year. this sharp drop in in force to comes as the same time as the peak in crime in one of california's most dangerous cities. >> oakland office is made more than 68,000 police stops in both 2008 and 2009. >> there are about 49,000 jobs in 2010 at the 25,000 last year. >> through november of this year there have been 14,000, 400 stops. this means oakland police are on track to make just more than 15,700 stops this year. >> governor jerry brown is being treated for prostate cancer. the governor's office released a statement confirming his condition yesterday's. >> the 74 year old is undergoing radiation treatment. doctors at the university of california say the cancer is in its early stages and is being treated with a short course of conventional radio therapy. >> governor brown's doctors call his problem as a speciaone prognosis excellent. >> in 18 days the bush era tax cut as fired automatic spending cuts kick in. it looks like we're getting nowhere in washington on a deal. >> thank you marc. running a private business inside the city hall of an east bay city that is the allegation t
them down. i yield back. mr. murphy: i yield 1:30 to the gentlelady from california, ms. esh -- eshoo. the speaker pro tempore: the gentlelady is recognized. ms. eshoo: i thank the gentlelady from connecticut. there have been many heart -wrenching tributes this evening. on behalf of my constituents in the 14th congressional district in california, i hope that our words and our prayers and also our future actions will be a source of comfort to the parents of the victims and to the community of newtown, connecticut. it is appropriate that we offer our prayers and our sympathy, but that's not enough. that is not enough. it is in this chamber and in this congress we're together. we can indeed make the changes that the american people in their and wish are looking for. i can't help think of the words of you lincoln's gettysburg address when he said the nation will long remember what we say here but it will never forget what which did here. it is us to be dead cailted here to their great unfinished work. the massacre of these angels should really inspire us to take on the job of what really
the balance of his time. for what purpose does the gentlelady from california seek recognition? without objection, the gentlelady from california is recognized for one minute. ms. sanchez: mr. speaker, down here in the well you might think that we are not a very friendly bunch towards each other but i want to let people know today that we actually have a lot of friendships here on this floor. and i want to take this time this week before we break for christmas to say good-bye to some of my friends who are leaving from congress, especially from the democratic side. but i have a particularly good friend on the other side. congressman gallegly. and he's had a congressional career here for 25 years, he's been a leader in -- and a fierce defender in animal rights. and with the successful passage of legislation that he recently sponsored, the creation and the sale of videos depicting the torture of animals, is forever illegal. and animals across -- lovers across the country are saying -- thankful for his leadership on that. and we a lot of times disagree on a lot of things politically, we've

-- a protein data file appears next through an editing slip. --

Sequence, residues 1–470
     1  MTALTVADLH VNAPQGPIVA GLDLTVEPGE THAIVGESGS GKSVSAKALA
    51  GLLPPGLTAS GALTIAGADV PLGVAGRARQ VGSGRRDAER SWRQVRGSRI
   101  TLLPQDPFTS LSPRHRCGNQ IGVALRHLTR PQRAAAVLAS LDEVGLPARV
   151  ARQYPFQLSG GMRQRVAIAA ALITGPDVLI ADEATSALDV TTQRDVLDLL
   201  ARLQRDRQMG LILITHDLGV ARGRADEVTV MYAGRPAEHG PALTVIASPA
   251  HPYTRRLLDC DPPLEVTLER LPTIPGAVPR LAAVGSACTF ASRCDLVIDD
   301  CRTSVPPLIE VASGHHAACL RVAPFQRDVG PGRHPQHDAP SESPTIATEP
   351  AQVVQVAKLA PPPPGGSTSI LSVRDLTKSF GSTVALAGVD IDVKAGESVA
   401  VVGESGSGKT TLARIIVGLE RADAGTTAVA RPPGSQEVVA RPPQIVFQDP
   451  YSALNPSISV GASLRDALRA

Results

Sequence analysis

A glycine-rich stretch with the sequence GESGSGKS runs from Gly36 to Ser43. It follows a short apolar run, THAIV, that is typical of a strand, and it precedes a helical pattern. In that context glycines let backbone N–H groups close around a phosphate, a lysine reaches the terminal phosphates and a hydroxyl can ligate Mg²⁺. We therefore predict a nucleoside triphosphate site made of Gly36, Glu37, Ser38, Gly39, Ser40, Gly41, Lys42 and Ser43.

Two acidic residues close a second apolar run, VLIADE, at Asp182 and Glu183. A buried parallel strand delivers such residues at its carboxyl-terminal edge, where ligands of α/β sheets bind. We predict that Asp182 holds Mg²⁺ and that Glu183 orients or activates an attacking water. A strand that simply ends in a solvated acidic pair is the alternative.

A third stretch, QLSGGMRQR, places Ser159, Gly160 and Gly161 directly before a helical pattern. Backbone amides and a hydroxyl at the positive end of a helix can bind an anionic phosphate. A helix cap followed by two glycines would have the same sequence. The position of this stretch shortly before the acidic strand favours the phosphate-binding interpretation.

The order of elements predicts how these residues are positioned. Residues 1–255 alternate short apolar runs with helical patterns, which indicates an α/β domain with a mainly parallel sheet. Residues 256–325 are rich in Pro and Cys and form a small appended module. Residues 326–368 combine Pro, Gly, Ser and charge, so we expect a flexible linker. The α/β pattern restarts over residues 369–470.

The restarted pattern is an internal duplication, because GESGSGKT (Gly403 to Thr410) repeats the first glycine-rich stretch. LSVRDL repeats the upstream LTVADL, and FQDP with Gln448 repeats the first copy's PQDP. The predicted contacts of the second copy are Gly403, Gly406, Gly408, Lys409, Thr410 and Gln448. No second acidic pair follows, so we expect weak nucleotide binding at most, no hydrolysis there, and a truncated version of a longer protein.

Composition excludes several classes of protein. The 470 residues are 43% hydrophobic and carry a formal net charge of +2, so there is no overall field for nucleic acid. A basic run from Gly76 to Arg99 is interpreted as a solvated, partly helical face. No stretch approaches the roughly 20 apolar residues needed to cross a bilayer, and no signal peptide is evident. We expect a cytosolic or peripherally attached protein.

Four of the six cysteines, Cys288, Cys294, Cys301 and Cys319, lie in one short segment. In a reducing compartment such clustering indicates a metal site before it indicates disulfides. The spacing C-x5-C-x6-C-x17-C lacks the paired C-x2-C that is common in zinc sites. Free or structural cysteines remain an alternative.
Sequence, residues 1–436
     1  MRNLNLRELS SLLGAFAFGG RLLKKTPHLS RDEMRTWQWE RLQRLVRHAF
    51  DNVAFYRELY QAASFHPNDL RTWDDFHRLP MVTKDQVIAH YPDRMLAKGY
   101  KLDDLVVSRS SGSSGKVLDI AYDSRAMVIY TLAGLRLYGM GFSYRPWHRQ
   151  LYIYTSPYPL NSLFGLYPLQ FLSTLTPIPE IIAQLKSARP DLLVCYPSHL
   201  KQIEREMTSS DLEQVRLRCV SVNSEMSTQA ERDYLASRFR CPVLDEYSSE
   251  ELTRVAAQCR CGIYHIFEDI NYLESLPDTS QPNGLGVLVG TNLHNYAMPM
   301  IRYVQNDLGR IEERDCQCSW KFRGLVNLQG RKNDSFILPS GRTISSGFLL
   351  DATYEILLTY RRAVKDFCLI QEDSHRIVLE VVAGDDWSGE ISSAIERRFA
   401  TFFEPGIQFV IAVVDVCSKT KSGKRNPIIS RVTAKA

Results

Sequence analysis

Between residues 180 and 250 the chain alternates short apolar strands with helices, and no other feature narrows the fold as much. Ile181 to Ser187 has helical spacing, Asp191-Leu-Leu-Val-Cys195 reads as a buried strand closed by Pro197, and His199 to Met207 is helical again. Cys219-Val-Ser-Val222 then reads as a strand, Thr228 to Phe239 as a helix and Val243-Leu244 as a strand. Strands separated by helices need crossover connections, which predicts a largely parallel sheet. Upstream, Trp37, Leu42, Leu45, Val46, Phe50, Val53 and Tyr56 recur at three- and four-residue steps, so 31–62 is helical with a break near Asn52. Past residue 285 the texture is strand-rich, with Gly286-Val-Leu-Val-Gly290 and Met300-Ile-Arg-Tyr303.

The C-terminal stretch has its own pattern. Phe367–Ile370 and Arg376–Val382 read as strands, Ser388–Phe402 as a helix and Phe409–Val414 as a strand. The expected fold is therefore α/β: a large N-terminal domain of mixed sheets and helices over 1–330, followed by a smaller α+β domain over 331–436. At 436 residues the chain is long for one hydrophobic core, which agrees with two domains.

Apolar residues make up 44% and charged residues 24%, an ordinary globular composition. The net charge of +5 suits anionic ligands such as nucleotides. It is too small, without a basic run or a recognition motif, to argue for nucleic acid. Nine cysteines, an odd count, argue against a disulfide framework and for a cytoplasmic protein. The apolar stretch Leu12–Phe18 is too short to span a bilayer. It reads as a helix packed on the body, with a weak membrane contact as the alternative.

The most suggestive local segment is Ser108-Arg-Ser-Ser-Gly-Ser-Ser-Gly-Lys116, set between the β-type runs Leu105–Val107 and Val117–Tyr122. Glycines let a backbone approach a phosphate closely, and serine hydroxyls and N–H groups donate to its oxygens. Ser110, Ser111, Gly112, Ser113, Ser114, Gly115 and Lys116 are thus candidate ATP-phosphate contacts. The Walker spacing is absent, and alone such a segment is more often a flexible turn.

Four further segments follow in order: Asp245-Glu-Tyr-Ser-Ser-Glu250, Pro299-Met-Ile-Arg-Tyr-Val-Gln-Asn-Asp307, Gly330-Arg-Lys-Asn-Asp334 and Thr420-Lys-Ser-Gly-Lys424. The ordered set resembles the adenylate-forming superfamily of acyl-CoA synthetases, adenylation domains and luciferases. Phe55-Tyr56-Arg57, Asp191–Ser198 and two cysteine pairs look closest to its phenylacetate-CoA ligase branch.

from south carolina, on what senator dianne feinstein, democrat of california. it should be a busy morning on the sunday shows. back to your calls. june is waiting from wisconsin, on the independent line. good morning. host: good morning. first of all, shame on a congress, particularly the republicans who have just wanted to does -- to destroy this country. the tea party, i am so glad i am able to say this, the t stands for treason, because they have done all they possibly can to ruin america, to overthrow our government. host: can you take us through the next 48 hours on this debate on the fiscal cliff? what needs to happen? caller: ok. i say, the president should be willing to come up to $300,000, as far as tax increases. we need revenue. $400,000, some people make that. we need revenue. the only way to get it is to get it from people who actually have the money. there is no shame in helping our government. this is our government. the republicans need to understand that social security and medicare -- listen, those are so important. people are talking about i do not want children
to have to be a big part of the budget negotiation >> host: california, independent caller. hi, daniel. you are all in the air. going once, going twice. okay, don. pennsylvania, republican caller. hello, regina. >> caller: i want to say since you brought up the social security think, it means these people aren't going to take money out of the bank and expected to be promising. i think this is a very bad program to take that money out of paychecks and social security is already bleeding. put it where it belongs. for the nations which i find that other levy said with this institute you can just go get your health care, to that man that called you can go get your health care from the subsidies. with a second. the article in the tribune reviewed can kanaby cato institute policy. >> host: we have had him on many times, regina. >> caller: he is saying it would cause california department of insurance estimates even with the subsidies roughly 25%. it's making people go away from these states where they can't afford these. how about if we go to the united nations and get them out of our budget